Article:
Category: Commercial Real Estate

A Bright Spot in Office Leasing: Mixed-Use Projects

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Marketing Staff

These are challenging times for the office sector.

Vacancy rates have surged as the hybrid home/office work model and job cutbacks in high-tech and other sectors are leading companies to reduce their office footprints. The vacancy rate in metro Atlanta has risen to 15 percent, the highest level since the global financial downturn of the late 2000s.

Tenants increasingly favor newer buildings and also have the option of exploring potential bargains in the growing amount of sublease space in the market. These trends present hurdles for landlords working to fill vacancies in their buildings.

However, in its recent Atlanta office sector report, CoStar points out that one of the bright spots in the market is the stronger leasing demand in areas of 18-hour activity. These areas frequently feature mixed-use developments as their focal point – including The Battery Atlanta at the Atlanta Braves’ Truist Park and at Ponce City Market along the bustling Eastside section of the popular Atlanta BeltLine multi-use trail.

These districts offer an exciting mix of amenities that are attractive to employers seeking to attract talent. Truist Bank is developing a 250,000 SF office tower at the northwest side of Truist Park, a location offering walkable access to the Battery’s array of restaurants, bars and retail offerings. Sage Software has committed to occupying 57,000 SF at a timber loft-office building under development at Ponce City Market, setting a rental rate record of $70 per square foot.

In the West End, a neighborhood just south of Downtown Atlanta, the Lee + White adaptive reuse development has become a hub of the community, attracting visitors to its breweries, retailers and outdoor spaces. One of the project’s biggest draws is its four direct access points to the Westside BeltLine.

These amenities at Lee + White were a significant factor in the decision of two high-tech companies to open headquarters featuring creative offices and production space in the refurbished Building 1050 – cleantech energy company JTEC Energy Inc. and nanotechnology innovator Carbice Inc.

After opening its new facility, located right next to the BeltLine, JTEC Energy CEO Mike McQuary spoke about the benefits of selecting Lee + White for its new home.

“Our offices, including our All-Hands Room, are designed for collaboration and communication. And the team is enjoying exploring our new neighborhood, trying all the restaurants and walking on the Beltline at lunch,” he said.

The 442,562 SF development, a partnership between owners Ackerman & Co. and MDH Partners, is transforming the former “Warehouse Row” in the West End. In addition to the breweries, food manufacturers and retailers that opened in the first phase of the redevelopment, the newest phase is adding a 19-vendor food hall and Class A creative offices in the redesigned 929 Building, which offers more than 100,000 square feet across two floors.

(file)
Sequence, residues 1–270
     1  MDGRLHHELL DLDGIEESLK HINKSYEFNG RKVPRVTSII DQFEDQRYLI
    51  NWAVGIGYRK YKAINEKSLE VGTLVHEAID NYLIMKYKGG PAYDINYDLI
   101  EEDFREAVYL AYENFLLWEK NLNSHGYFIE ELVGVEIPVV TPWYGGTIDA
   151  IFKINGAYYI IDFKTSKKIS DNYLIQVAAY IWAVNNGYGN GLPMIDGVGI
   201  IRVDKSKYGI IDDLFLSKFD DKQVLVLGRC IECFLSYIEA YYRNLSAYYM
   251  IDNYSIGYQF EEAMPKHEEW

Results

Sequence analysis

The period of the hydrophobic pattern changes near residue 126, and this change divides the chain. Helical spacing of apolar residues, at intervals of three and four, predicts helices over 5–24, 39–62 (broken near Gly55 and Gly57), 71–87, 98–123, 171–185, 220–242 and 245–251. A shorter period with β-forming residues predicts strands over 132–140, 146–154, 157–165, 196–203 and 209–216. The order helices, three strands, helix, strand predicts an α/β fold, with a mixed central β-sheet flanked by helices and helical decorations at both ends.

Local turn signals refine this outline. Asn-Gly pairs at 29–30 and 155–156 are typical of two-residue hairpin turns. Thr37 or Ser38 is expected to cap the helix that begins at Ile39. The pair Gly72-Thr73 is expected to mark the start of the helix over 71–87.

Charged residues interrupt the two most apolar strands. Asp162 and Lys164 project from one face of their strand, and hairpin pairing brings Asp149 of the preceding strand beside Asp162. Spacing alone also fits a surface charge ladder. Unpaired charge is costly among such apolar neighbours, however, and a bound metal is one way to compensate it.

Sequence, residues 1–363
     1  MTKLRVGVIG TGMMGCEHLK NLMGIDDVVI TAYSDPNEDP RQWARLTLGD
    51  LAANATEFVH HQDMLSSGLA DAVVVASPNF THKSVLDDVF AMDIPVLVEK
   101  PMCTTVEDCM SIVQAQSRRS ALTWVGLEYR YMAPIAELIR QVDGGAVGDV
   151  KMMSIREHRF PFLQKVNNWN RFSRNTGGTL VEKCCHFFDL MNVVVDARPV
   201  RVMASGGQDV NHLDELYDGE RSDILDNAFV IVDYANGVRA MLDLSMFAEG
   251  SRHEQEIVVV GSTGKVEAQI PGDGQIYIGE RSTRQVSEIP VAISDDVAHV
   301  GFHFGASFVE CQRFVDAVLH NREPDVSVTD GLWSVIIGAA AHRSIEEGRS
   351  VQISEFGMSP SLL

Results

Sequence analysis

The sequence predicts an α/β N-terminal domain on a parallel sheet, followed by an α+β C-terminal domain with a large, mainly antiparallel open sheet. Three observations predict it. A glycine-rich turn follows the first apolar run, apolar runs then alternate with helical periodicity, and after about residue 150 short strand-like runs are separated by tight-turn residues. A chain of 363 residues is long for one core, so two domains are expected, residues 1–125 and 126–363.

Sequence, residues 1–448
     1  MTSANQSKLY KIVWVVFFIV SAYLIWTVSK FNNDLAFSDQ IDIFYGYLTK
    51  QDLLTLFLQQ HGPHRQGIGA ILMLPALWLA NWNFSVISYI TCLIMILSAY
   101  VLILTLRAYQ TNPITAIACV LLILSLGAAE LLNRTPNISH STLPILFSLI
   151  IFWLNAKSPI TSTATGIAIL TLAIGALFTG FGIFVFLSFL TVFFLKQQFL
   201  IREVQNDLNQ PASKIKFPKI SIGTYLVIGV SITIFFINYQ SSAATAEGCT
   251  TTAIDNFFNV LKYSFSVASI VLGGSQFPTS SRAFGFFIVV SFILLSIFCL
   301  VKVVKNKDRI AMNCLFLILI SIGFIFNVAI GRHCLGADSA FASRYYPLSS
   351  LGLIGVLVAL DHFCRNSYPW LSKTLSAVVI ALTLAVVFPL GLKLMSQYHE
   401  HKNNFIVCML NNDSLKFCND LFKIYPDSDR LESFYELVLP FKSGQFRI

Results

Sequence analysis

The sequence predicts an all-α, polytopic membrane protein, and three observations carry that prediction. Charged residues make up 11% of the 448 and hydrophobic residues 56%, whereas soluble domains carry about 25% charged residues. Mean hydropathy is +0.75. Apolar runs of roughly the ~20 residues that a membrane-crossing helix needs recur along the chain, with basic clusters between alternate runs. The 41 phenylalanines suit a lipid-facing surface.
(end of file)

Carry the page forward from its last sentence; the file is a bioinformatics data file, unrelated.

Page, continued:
The food hall is now open, and the loft-style offices of the 929 Building, featuring floor-to-ceiling windows overlooking the BeltLine, are nearly completed.

With BeltLine accessibility unmatched by any other development in Atlanta, several newly opened food hall eateries – with more to open very soon – expanding retail offerings, and popular breweries available to tenants and visitors alike after a busy day of work, Lee + White could be viewed as the West End’s version of The Battery or Ponce City Market.

Ponce City Market and The Battery have certainly attracted high-profile office leases. Lee + White has already announced a few of its own and is hoping to complete even larger ones soon now that the 929 Building is available.

Mid-Year Atlanta Market Review – Retail Continues Its Comeback

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Marketing Staff

The year is now half over, and some clear trends are emerging in commercial real estate.

Chuck McShane, Director of Market Analytics for CoStar, recently presented the “Atlanta State of the Market,” and one of the positive stories is the ongoing resilience of the retail sector.

This resilience comes at a time when the office sector faces the challenge of large amounts of sublease space entering the market, and the multifamily sector is experiencing flat absorption and a slight decline in rental growth amid a surge of new supply. The industrial sector continues to shine, although its record-setting performance appears to be entering a new phase of more modest absorption and demand levels.

Limited New Supply Creates Competition for Retail Space
In Atlanta’s retail sector, the vacancy rate at the mid-point of the year is 3.7%, a historic low for the market. In addition, year-over-year rent growth is 6.7%, positioning Atlanta as one of the few markets in the country where rent growth is outpacing inflation.

What accounts for these impressive stats?

Metro Atlanta is benefiting from continued strong job growth – which has doubled the U.S. average over the past few years – and the return of robust population increases, posting a 1.5% rise in new residents as of the first quarter of 2023.